Theatrical “Moments”

Hair Logan and Shari

Someone recently asked me to name my favorite show of all time. Looking back over decades of attending live theatrical performances, I really couldn’t single out just one show. What does come to mind is a collection of “moments”—individual performances that were so stunning and so powerful that I’ll never forget them.

Some of these moments are quite recent; others occurred years ago and now linger as hazy, dreamlike memories. All of them will stay with me forever. Here are just a few:

The Trip to Bountiful (2013)

It happens in the second act. Cicely Tyson (as Carrie Watts) has momentarily escaped the suffocating disdain of her daughter-in-law, Jessie Mae. Late at night in a nearly deserted bus station, Carrie raises her arms and rapturously sings an old hymn, “Blessed Assurance.” Spontaneously, the many church ladies (black and white) in the audience began to sing along. The feeling shared by all of us with a character up on the stage was so true and so powerful. It was a moment. (And Tyson took home a Tony)

Gypsy (2008)

This moment is the big payoff of an entire show of moments. Patti LuPone as the fame-obsessed, driven Mama Rose, sings “Rose’s Turn:”

“Hold your hats and hallelujah.
Mama’s gonna show it to you.
Ready or not, shhh, here comes Mama.”

Except there’s really no way to be ready for this Mama. I felt as though LuPone had literally ripped out her guts and spilled them on the stage. She was so fierce, her pain so intense and real, that the audience could hardly breathe. It was a moment. (And LuPone took home a Tony).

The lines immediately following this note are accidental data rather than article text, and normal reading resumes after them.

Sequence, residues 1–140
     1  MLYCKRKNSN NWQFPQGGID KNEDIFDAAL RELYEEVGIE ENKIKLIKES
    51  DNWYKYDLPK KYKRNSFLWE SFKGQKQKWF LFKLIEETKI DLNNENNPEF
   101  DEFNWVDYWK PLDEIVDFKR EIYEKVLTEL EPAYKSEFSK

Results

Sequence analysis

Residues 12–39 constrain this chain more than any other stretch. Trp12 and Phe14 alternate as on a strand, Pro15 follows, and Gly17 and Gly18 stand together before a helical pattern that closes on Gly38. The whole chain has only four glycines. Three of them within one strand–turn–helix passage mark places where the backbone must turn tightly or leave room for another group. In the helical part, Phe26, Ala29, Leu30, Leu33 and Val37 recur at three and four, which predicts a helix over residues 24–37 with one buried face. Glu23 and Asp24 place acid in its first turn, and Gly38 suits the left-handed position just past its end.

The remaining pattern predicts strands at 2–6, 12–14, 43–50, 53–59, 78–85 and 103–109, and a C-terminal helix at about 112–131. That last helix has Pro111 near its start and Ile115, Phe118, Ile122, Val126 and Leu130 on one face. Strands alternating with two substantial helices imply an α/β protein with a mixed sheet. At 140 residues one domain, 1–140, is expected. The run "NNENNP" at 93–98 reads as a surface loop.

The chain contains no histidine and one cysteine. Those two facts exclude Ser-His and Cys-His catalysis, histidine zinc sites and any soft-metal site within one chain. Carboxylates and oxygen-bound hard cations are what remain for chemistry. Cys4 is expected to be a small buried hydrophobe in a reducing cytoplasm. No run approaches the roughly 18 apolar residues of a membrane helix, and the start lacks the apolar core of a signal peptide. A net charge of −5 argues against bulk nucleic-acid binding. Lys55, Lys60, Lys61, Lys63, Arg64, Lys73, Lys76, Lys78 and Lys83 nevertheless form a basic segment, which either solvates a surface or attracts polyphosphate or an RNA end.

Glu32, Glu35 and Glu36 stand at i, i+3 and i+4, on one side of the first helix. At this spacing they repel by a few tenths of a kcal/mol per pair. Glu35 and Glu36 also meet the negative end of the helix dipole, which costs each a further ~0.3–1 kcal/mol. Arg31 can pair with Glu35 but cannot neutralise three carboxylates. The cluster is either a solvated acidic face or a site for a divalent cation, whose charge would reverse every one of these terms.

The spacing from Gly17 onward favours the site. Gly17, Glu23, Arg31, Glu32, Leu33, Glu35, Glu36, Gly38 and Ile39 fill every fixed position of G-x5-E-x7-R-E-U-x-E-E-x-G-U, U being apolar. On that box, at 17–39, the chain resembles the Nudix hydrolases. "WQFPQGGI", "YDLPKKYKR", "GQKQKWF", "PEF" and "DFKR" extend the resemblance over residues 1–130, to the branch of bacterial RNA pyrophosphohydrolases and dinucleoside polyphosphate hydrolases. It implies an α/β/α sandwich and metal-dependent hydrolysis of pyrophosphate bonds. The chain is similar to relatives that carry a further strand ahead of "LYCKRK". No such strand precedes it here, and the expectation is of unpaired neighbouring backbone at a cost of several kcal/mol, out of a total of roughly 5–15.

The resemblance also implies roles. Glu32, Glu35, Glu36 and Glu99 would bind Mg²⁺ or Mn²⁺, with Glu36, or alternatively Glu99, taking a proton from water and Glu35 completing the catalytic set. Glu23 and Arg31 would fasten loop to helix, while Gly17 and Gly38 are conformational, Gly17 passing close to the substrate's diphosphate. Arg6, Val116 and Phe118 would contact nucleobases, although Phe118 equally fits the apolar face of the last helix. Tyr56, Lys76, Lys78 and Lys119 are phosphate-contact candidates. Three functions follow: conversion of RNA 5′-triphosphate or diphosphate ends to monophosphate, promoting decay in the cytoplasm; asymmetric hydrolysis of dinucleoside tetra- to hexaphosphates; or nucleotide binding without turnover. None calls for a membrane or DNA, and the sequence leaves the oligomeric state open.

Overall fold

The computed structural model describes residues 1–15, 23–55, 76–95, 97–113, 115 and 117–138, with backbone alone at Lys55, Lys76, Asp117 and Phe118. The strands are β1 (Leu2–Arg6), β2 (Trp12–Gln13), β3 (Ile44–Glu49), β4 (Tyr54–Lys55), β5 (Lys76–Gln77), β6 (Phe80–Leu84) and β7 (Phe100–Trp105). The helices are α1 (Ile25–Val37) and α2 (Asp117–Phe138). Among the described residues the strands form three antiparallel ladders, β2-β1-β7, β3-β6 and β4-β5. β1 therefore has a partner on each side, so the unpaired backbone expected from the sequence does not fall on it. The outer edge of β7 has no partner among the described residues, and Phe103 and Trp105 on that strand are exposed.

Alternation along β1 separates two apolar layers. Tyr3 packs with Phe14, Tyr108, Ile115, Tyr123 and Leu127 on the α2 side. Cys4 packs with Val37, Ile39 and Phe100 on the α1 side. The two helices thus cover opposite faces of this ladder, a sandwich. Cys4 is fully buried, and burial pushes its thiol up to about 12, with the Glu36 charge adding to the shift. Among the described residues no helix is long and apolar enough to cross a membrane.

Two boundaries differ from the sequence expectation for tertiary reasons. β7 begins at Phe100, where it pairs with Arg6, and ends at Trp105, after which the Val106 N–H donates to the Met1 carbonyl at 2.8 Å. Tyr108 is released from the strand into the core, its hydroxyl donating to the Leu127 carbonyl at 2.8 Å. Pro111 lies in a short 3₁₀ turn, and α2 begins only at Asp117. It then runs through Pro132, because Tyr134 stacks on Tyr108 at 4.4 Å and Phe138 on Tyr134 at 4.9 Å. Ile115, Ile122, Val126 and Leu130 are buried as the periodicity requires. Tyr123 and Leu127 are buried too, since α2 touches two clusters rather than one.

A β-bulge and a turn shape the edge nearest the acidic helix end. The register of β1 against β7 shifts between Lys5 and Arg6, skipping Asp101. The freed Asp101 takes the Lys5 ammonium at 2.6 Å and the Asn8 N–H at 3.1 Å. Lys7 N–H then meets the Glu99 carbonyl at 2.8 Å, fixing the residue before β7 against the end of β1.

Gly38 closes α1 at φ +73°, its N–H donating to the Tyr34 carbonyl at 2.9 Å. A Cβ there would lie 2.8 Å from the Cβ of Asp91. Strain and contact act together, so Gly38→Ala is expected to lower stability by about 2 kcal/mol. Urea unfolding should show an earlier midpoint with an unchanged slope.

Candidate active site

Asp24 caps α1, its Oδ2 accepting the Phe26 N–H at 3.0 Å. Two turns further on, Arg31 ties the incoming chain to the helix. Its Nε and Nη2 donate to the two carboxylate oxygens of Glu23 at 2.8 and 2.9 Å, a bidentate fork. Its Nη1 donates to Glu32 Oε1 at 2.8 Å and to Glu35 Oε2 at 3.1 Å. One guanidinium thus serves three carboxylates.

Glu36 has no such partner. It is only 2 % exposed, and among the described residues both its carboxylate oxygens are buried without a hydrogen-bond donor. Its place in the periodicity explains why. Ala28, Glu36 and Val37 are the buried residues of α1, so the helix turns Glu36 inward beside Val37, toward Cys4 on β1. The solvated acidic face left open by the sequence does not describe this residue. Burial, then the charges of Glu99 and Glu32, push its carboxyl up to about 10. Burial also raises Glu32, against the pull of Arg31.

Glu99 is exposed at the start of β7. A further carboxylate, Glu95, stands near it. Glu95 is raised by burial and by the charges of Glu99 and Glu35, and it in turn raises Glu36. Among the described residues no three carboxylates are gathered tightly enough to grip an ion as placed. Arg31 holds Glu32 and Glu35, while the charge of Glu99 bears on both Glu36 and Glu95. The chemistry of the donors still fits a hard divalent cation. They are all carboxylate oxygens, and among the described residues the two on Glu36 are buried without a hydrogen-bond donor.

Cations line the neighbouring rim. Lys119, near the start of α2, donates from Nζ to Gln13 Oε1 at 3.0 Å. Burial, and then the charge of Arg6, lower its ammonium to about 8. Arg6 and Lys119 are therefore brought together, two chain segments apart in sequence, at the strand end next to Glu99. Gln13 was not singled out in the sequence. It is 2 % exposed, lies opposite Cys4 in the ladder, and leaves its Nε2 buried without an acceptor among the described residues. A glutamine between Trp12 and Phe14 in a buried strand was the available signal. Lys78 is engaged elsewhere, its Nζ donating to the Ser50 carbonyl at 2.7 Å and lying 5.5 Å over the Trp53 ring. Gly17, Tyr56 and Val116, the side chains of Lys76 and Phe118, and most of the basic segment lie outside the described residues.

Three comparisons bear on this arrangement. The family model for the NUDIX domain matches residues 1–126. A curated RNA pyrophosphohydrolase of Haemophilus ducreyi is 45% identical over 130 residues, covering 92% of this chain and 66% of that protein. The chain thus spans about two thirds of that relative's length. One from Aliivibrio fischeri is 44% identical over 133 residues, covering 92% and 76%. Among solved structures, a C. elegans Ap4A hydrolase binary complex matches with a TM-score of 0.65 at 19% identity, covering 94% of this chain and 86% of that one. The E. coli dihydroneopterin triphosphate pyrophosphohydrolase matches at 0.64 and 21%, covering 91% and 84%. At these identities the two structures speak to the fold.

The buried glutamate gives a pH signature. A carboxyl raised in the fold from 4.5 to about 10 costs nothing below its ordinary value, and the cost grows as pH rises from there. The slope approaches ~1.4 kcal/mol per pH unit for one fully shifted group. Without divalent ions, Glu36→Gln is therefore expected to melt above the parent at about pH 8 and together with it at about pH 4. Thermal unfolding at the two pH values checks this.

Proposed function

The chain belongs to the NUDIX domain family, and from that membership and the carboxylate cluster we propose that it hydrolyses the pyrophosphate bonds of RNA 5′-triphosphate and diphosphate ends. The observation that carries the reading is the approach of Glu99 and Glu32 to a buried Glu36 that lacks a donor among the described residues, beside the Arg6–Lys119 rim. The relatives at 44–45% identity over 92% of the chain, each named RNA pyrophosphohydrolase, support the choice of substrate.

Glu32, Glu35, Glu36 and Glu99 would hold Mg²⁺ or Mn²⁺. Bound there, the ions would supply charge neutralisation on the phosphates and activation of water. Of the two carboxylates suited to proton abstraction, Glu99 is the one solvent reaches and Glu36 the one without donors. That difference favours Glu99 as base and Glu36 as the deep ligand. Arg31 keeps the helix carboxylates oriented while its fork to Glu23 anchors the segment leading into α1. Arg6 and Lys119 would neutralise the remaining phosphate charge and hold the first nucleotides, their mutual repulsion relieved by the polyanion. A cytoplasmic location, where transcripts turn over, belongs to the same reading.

Dream Girls (1982 or 1983)

You’ve probably seen Jennifer Hudson’s stunning Oscar-winning performance in the film version of Dream Girls. (I thought Eddie Murphy should have won too, but that’s another post for another day). However, nothing compares to Jennifer Holliday’s amazing, live rendition of “And I Am Telling You I’m Not Going” from the original Broadway production. She reaches down into the depths of her soul to simultaneously plead, cajole, and threaten, as her lover and mentor replaces her in the group with a more glamorous singer. As with Ms. LuPone’s performance in Gypsy, the audience is so stunned by the honesty and rawness of the performance that it becomes almost too much to bear. It was a moment. (And Holliday took home a Tony).

 Hair (Revival, July 11, 2011)

The original Broadway version of Hair ran from 1968 to 1972. I saw the Public Theatre’s excellent Diane Paulus-directed revival twice as part of Shakespeare in the Park and once in a later hit production at the St. James Theatre. Hair is a mythic show that captures the zeitgeist of its era while remaining entirely relevant today. But that’s not the basis of my Hair moment.

At the end of the show, audience members are invited up on the stage to sing a reprise of “Let the Sun Shine In” with the cast. I had brought my 20-year-old son with me to see Hair, because I knew he’d be moved by its anti-war, life celebrating message. We were seated in the 6th row of the orchestra. I said, “Will you go up on stage with me?” He looked doubtful. I added, “When else will you have a chance to be on a Broadway stage?” He took my hand, and we joined the cast on stage. It was a moment. (We didn’t win any Tonys, but it may have been my best “moment” of all).

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